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Thursday, June 24, 2021 — Houston, TX 94°

Local organizations partner to revitalize the legacy of Houston's historic Freedmen's Town

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“I see a version of my family that I didn’t know.” Houston Freedmen’s Town Conservatory Executive Director Zion Escobar on seeing photographs of past inhabitants of Freedmen’s Town on Facebook Live on Jan. 28.

By Michelle Gachelin     2/2/21 9:53pm

Nestled in Houston’s Fourth Ward is the city’s historic Freedmen’s Town, a neighborhood of formerly enslaved Black people settled post-emancipation into what would become a cultural and artistic hub, rightfully earning the Fourth Ward its title as the "Harlem of the South" in the early twentieth century. While only around 50 of the original 508 structures are still standing in the 40-block district, Freedmen’s Town remains a historical, cultural and artistic hub, and local non-profit Houston Freedmen’s Town Conservancy is dedicated to protecting and revitalizing the site’s legacy. 

A new creative partnership between the Conservancy and Contemporary Arts Museum Houston will facilitate the construction of a new visitors center in Fourth Ward that organization leaders hope will encourage community engagement and education. The venture was announced last Thursday, Jan. 28 during a Facebook Live talk titled “Telling the Story of Freedom” with HFTC Executive Director Zion Escobar and CAMH Executive Director Hesse McGraw. At its core, the center will serve as a vehicle for telling the full story of hard-won freedom in Houston’s oldest African-American neighborhood — one that is only just beginning to be shared in its entirety. 

Escobar and McGraw’s conversation began with an overview of the Conservancy’s goals for the center, which include supporting upcoming development by advocating for community building and public education through heritage-based tourism and events in the district. As they shared potential renderings of an improved Freedmen’s Town with live viewers, Escobar and McGraw agreed about the power of visual storytelling through art that “encompass[es] trauma, self-liberation, joy and freedom” in catalyzing civic engagement. Escobar noted that “those moments [captured through art] and their history are very indicative of the culture, beauty, and power of this neighborhood.” They emphasized that the redesigning of the town should serve in part as a reminder to visitors of the “greatness” that formed the foundation of their city, and that “there was something very special here and you should not forget it.”



While this new mission could arguably become the most ambitious project undertaken by the Conservancy to restore Freedmen’s Town thus far, it is preceded by multiple smaller-scale efforts that have helped pave the way for the site’s rehabilitation. In March 2018, city crews in Houston began reinstalling historic bricks in the neighborhood that had mistakenly been removed for a drainage project by a city contractor in November 2016. According to an article by Houston Public Media, this may have inadvertently damaged more than 3,600 bricks originally laid by formerly enslaved Black people after the Civil War. Houston Mayor Sylvester Turner, who advocated for the return and repair of the bricks, had pledged his commitment to preserving and reviving Freedmen’s Town and its historic buildings — a vision reiterated by Escobar last Thursday. Turner seems to have stayed true to his word, since the Conservancy was first created in 2016 as a Mayoral Task Force before becoming a non-profit organization in 2018.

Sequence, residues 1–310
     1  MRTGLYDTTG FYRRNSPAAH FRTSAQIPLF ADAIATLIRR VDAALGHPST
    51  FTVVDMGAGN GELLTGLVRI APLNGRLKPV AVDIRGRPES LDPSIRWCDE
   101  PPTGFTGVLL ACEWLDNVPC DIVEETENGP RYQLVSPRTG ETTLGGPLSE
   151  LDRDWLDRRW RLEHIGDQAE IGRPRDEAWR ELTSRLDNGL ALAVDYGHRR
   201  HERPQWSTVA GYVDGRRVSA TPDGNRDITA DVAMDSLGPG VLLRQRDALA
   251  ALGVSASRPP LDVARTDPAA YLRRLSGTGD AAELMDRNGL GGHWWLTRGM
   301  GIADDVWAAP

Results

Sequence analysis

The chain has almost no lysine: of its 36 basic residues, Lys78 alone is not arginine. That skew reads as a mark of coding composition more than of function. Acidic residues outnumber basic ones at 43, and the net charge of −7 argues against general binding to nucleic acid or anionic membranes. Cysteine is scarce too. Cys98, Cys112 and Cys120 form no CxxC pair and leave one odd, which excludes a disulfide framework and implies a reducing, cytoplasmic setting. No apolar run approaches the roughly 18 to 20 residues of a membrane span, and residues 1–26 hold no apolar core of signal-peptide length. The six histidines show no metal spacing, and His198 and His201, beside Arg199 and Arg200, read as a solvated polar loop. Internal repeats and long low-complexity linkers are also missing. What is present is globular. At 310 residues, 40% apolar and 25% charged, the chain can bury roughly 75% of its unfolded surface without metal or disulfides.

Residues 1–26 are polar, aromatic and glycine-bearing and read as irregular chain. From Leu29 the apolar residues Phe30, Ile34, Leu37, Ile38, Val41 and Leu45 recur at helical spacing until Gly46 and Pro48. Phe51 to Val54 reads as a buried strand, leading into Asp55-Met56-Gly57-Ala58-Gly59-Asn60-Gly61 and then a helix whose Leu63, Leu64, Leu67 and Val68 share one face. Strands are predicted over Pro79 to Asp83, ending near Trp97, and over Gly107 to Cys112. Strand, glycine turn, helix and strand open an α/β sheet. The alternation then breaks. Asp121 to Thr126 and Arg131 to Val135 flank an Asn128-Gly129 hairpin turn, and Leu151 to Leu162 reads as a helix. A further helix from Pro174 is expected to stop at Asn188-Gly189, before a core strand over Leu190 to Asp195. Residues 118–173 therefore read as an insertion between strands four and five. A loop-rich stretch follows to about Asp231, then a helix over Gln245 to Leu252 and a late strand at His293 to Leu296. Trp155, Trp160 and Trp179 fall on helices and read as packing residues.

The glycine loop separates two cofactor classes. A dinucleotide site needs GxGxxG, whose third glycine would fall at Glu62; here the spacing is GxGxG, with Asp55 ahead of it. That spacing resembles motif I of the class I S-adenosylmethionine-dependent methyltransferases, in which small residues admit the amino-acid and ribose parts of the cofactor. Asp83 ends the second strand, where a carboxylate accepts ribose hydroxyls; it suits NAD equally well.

Another one of Houston’s latest endeavors to honor the laborious brickwork of the town’s freedmen — who, according to the Houston Chronicle, paid for the red bricks themselves before laying them one by one in West African patterns — involved allowing residents to immortalize messages for future generations. The notes were integrated into a mixture of Texas clay and Buffalo Bayou sand that will form bricks for a memory wall at the future Freedmen’s Town visitors center. When the project took place in June 2019, Escobar told the Houston Chronicle that the wall would allow people the “opportunity to acknowledge the memories, the hopes and dreams, the kids that are here, putting their heart into these bricks … and putting it permanently cemented into history.” 

These painstaking efforts to reconstruct and preserve the town’s history have not gone unnoticed. In 2019, after years of anticipation from Freedmen’s Town advocates, UNESCO designated multiple sites in the town as part of their Slave Route Project, a list of international locations linked to the transatlantic slave trade. Now, Escobar and the Conservancy have their sights set on attaining global recognition for Freedmen’s Town by becoming a UNESCO World Heritage Site. Mayor Turner’s office has expressed support for the designation in the past, as did Escobar during Thursday’s livestream. 

When asked at the end of the talk what she would tell someone who was seeing Freedmen’s Town for the first time, Escobar responded, “If you’ve ever wondered what the story of Houston is… and where Beyoncé got her awesomeness from… ask yourself the story behind the stories. Freedmen’s Town is a thing you need to understand to put Beyoncé’s story in context.” She urged viewers to come visit the town and “fall in love with the story of freedom” in its raw and uncompromised form. It’s a story told by multitudes of voices long silenced, and as more people listen and begin conversations, it’s one that will be told by new voices too.

To watch the recorded version of Thursday’s Facebook Live talk, visit Contemporary Arts Museum Houston on Facebook. 



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